Greece: Thousands flee homes as wildfires continue to rage

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Thousands of people fled wildfires burning out of control in Greece on Friday, including a major blaze just north of the Greek capital of Athens that left one person dead, as a protracted heat wave turned forests into tinderboxes and flames threatened populated areas, electricity installations and historic sites. 

Firefighters across Greece were battling 56 active wildfires, Civil Protection chief Nikos Hardalias said. Multiple evacuation orders were issued for inhabited areas of the country’s mainland and the nearby island of Evia, while the fire near Athens burned forestland and houses in its path heading toward Lake Marathon, the capital’s main water reservoir. 

“We continue our effort hour by hour to tackle the multiple fires we face today,” Hardalias said. “Conditions are exceptionally dangerous.”

Athens’ main trauma hospital said a 38-year-old man died after sustaining a head injury from a falling utility pole in Ippokrateios Politeia, one of the neighborhoods north of Athens affected by the fire. The man was taken to the hospital by ambulance Friday afternoon without any vital signs, and efforts to revive him for more than an hour were unsuccessful. 

On Evia, the coast guard mounted a major operation to evacuate hundreds of people by sea, using patrol vessels, fishing and tourist boats and private vessels to rescue residents and vacationers overnight and into Friday. Dozens of other villages and neighborhoods were emptied in the southern Peloponnese region and just north of the Greek capital as blazes raced through pine forests. 

The coast guard said 668 people had been evacuated from beaches in northeast Evia by early Friday afternoon after flames cut off all other means of escape. Coast guard vessels continued to patrol the coastline.

A massive amphibious aircraft leased from Russia joined the firefighting effort on the island. The Beriev Be-200 is the largest firefighting plane Greece currently has at its disposal.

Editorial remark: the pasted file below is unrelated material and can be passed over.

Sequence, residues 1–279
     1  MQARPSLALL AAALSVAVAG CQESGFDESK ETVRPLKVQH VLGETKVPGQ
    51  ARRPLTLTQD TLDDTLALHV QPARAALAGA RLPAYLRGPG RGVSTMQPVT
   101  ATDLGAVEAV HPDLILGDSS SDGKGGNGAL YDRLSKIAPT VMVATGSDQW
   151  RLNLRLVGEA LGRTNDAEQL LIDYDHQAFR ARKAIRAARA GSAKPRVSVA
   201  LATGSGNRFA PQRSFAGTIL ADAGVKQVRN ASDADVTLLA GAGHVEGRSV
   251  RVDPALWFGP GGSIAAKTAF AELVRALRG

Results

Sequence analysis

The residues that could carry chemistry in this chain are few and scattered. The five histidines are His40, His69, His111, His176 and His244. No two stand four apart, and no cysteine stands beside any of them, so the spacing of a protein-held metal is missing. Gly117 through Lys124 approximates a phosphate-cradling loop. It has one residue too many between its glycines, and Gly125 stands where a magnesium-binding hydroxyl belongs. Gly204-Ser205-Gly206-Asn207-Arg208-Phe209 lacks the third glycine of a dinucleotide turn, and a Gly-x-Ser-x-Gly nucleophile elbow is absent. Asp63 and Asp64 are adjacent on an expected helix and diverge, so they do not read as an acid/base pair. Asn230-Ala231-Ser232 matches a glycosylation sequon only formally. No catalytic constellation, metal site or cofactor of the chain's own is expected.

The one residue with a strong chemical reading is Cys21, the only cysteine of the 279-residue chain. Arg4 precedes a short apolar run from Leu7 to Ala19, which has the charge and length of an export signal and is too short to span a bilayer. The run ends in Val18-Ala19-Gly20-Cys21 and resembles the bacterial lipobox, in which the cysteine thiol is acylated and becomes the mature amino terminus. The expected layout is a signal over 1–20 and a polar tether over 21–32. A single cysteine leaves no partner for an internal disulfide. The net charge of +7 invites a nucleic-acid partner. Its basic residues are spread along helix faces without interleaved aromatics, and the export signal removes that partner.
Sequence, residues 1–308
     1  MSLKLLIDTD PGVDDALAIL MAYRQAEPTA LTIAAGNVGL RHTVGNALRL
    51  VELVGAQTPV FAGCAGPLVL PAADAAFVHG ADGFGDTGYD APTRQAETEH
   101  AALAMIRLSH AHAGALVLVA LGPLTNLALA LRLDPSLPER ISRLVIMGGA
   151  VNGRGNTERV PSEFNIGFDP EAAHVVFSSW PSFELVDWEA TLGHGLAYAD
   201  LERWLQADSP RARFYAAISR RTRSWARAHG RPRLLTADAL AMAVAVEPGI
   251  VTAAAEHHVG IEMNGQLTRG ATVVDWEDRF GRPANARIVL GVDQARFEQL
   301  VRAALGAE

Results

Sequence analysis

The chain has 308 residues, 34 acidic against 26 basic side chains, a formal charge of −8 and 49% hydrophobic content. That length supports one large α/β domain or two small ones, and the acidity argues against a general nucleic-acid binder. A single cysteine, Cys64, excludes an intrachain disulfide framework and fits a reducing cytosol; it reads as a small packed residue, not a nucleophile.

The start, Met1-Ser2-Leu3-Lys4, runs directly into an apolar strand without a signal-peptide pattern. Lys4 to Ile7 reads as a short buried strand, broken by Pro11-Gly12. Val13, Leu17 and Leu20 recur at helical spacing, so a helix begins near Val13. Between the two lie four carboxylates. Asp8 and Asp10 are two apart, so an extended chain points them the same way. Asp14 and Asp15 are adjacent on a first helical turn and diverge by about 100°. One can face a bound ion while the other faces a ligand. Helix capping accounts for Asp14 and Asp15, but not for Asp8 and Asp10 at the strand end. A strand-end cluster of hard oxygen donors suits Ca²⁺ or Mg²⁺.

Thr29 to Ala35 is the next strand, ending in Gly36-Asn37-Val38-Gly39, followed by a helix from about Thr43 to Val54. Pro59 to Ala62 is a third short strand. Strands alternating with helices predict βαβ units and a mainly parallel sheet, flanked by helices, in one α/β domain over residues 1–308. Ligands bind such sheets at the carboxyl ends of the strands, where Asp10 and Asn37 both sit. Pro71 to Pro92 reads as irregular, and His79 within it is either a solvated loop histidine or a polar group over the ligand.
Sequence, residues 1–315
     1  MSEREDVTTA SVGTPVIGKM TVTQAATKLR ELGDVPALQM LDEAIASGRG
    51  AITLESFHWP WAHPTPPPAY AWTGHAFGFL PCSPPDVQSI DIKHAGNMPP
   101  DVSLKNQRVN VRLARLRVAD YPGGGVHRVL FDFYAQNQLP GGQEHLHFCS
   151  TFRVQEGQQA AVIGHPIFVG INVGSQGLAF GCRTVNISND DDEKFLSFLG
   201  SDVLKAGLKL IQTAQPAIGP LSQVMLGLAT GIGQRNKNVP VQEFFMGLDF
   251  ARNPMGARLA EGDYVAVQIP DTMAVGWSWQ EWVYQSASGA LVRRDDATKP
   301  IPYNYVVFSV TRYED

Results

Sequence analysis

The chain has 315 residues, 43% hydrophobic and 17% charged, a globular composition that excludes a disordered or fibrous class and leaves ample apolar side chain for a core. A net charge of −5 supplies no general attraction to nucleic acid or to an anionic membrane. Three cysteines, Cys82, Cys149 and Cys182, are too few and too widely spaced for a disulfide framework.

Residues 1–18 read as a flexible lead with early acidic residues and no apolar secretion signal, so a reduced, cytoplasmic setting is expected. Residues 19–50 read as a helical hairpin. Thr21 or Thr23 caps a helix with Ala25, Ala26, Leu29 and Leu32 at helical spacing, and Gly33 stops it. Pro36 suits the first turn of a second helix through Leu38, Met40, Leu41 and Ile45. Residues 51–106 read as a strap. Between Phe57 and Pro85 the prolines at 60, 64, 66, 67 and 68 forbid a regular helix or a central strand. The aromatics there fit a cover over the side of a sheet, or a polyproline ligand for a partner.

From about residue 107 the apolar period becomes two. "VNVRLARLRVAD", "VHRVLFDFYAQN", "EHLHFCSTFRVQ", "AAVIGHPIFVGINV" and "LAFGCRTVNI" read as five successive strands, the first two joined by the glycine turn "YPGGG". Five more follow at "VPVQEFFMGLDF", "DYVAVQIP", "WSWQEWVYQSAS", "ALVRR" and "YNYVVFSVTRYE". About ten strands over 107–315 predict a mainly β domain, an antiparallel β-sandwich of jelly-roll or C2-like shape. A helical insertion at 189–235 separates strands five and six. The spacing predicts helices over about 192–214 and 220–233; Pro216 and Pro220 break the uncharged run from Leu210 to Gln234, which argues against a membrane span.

Greek and European officials have blamed climate change for the multiple fires burning through swathes of southern Europe, from southern Italy to the Balkans, Greece and Turkey. Massive fires have been burning across Siberia in Russia’s north for weeks, while hot, bone-dry, gusty weather has also fueled devastating wildfires in California, decimating whole towns in some cases. 

Greece has been baked by its worst heat wave in three decades, with temperatures soaring to 45 degrees Celsius (113 degrees Fahrenheit). Thousands have fled homes and holiday accommodation, while at least 20 people, including four firefighters, have been treated for injuries. Two of the firefighters were in intensive care in Athens, while another two were hospitalized with light burns, the Health Ministry said. 

More than 1,000 firefighters and nearly 20 aircraft are now battling major fires across Greece. Several European countries are sending or already sent firefighters, planes, helicopters and vehicles to help, while Israel also announced it was sending firefighters.

Sources: AMNA, Reuters, AP

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